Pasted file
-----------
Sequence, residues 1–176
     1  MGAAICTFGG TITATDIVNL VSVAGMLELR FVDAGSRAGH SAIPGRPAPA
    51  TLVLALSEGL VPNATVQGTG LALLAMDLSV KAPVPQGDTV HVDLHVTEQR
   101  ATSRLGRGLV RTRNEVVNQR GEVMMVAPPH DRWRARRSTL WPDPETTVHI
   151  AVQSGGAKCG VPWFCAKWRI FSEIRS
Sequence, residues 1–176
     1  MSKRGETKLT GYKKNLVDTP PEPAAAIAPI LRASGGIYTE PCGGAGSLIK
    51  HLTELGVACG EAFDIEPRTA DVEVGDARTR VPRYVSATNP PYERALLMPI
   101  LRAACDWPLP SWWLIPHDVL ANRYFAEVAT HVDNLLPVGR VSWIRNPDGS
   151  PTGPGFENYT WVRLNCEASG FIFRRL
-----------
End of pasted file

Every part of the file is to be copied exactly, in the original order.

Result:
Sequence, residues 1–176
     1  MGAAICTFGG TITATDIVNL VSVAGMLELR FVDAGSRAGH SAIPGRPAPA
    51  TLVLALSEGL VPNATVQGTG LALLAMDLSV KAPVPQGDTV HVDLHVTEQR
   101  ATSRLGRGLV RTRNEVVNQR GEVMMVAPPH DRWRARRSTL WPDPETTVHI
   151  AVQSGGAKCG VPWFCAKWRI FSEIRS
Sequence, residues 1–176
     1  MSKRGETKLT GYKKNLVDTP PEPAAAIAPI LRASGGIYTE PCGGAGSLIK
    51  HLTELGVACG EAFDIEPRTA DVEVGDARTR VPRYVSATNP PYERALLMPI
   101  LRAACDWPLP SWWLIPHDVL ANRYFAEVAT HVDNLLPVGR VSWIRNPDGS
   151  PTGPGFENYT WVRLNCEASG FIFRRL